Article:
Studying translation in and as activism promises to shed light not only on the role of language and translation in political struggles, but also on the meaning of the particular kind of activism in which translation is deployed. To return to the example of “First into Germany, then adults” mentioned above. The use of this translation is in fact quite revealing. It distinguishes Little Pink nationalists from Mao’s Red Guards. Red Guards would never cite a Confucian saying approvingly, because Confucianism, along with other elements of traditional Chinese culture, was the target of attack in the Cultural Revolution. Little Pink and other varieties of nationalists in China today separate themselves from Red Guards by lionizing what they now glibly call “guo xue”, or traditional Chinese learning.
The example of “First into Germany, then adults” reveals a second difference between Little Pink and Red Guards. Little Pink patriots grow up in an information age whereas Red Guards were products of the Cold War. If they want to translate a Confucian saying into English, it would not be surprising if their first instinct was to try Google Translate. The digital culture in which they are immersed, including the culture of gaming and online literary communities, goes a long way toward explaining their particular kind of behaviour in their “expedition” (which is outside the scope of this blog).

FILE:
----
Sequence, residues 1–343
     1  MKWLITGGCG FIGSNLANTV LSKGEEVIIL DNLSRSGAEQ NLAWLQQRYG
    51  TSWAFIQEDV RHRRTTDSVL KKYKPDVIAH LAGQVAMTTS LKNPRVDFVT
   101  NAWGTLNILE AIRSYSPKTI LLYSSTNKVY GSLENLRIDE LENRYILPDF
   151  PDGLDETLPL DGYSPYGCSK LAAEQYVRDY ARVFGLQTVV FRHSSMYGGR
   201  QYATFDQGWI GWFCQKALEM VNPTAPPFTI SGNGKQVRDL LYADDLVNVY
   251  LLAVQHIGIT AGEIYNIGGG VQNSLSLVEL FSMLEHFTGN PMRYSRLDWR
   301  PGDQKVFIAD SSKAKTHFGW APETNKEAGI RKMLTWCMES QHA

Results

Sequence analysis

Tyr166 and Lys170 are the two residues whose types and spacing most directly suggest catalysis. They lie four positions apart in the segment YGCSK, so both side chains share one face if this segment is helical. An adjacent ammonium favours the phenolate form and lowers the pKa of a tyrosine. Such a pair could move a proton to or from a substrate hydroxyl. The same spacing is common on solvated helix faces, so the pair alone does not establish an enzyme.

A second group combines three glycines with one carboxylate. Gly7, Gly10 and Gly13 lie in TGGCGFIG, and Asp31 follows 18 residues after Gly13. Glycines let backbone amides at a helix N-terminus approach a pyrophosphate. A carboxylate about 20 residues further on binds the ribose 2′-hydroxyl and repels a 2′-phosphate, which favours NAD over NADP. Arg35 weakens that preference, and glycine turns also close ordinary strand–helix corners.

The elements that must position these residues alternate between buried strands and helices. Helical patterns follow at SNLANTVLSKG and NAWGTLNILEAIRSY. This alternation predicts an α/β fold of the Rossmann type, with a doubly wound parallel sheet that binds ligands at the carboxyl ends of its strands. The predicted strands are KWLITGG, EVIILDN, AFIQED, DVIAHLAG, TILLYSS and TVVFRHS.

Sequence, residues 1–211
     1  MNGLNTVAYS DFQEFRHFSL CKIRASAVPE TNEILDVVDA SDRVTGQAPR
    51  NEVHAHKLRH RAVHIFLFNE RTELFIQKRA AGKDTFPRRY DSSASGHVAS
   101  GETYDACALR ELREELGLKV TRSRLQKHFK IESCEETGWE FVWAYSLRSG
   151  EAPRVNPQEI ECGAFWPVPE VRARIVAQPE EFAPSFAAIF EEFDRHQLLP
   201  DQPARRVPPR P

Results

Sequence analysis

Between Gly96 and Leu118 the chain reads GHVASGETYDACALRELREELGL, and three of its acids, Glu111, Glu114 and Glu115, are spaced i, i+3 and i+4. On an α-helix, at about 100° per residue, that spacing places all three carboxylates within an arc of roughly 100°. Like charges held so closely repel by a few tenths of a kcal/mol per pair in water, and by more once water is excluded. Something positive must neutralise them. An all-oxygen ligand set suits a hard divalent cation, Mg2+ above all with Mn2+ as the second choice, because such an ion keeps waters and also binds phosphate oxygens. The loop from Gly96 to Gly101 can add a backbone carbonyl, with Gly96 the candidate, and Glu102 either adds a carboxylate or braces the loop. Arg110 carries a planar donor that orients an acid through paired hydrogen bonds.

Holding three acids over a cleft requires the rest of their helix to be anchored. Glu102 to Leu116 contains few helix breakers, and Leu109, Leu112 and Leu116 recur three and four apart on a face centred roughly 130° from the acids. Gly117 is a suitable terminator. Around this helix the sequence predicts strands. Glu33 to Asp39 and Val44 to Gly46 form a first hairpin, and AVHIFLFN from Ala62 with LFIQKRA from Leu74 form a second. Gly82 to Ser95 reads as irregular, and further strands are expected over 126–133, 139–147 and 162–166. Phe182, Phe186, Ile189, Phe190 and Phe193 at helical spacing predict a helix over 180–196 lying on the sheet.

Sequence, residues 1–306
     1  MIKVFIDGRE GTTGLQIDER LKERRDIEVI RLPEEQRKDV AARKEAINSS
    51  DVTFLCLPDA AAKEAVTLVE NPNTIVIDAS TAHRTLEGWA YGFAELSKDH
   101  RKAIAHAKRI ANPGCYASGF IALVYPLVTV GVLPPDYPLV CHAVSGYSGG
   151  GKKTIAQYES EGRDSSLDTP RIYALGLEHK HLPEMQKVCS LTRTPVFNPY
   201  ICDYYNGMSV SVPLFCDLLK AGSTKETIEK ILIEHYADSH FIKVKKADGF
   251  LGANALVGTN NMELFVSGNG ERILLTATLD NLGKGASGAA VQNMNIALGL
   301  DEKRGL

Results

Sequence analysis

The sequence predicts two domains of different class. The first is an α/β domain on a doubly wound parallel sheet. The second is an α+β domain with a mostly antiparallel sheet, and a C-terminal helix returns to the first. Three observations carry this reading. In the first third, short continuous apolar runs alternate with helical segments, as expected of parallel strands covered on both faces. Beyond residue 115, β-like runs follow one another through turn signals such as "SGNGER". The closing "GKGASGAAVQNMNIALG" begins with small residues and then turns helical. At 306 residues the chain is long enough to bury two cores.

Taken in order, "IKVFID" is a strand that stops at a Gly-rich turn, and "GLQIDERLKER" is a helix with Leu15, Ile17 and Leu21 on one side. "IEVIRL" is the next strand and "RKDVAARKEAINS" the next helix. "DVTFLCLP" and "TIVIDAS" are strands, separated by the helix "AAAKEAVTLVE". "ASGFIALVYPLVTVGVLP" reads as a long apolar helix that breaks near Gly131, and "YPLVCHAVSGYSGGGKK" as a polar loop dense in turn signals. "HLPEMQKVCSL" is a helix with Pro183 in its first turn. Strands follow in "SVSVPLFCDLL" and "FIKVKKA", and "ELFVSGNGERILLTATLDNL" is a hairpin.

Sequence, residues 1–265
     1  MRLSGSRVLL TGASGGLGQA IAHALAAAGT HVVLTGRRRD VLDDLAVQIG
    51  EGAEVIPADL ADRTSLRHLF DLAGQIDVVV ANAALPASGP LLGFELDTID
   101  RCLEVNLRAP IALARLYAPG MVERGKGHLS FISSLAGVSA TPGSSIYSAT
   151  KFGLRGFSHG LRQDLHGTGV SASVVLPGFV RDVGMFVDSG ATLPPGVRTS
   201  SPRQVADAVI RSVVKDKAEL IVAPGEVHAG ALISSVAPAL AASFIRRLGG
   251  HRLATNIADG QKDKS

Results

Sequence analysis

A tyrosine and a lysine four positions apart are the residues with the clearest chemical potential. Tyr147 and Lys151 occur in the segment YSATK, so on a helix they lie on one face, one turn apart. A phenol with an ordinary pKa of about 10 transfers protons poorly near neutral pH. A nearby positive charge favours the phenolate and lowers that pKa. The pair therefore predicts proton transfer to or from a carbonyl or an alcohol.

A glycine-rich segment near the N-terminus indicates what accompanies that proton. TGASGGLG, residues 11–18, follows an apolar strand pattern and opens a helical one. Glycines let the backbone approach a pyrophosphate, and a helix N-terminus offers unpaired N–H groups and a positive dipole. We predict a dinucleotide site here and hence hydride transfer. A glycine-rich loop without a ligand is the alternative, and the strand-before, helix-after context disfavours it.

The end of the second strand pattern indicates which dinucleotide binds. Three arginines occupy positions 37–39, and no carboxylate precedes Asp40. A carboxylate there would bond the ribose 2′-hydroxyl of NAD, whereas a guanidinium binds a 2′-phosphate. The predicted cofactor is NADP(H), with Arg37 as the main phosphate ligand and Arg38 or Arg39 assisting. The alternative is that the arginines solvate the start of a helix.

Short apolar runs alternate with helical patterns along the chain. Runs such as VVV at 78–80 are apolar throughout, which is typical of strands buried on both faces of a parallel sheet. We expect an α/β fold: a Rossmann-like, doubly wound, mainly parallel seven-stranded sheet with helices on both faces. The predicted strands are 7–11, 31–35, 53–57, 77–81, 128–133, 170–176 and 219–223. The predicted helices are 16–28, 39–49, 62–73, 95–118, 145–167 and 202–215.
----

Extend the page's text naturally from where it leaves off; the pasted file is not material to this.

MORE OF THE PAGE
Finally, the fact that Little Pink patriots attempt to display their slogans and emojis in both Chinese and English is revealing. They did not have to use English to protest against their Taiwanese targets who understand Chinese perfectly well. The adoption of the English language is a gesture to the world, perhaps a cry for global attention. Judging from this essay in The Economist, they succeeded.
Guobin Yang is an Associate Professor of Sociology and Communication at the Annenberg School for Communication and Department of Sociology at the University of Pennsylvania. He is the author of The Power of the Internet in China: Citizen Activism Online (Columbia University Press, 2009), The Red Guard Generation and Political Activism in China (Columbia University Press, 2016), and Dragon-Carving and the Literary Mind (2 vols, Beijing, 2003). He is the editor of China’s Contested Internet (2015), The Internet, Social Media, and a Changing China (with Jacques deLisle and Avery Goldstein, 2016), and Re-Envisioning the Chinese Revolution: The Politics and Poetics of Collective Memories in Reform China (with Ching-Kwan Lee, 2007). He co-edits the new SAGE journal Communication and the Public. He tweets at @Yangguobin. For more information, please see: https://www.asc.upenn.edu/people/faculty/guobin-yang-phd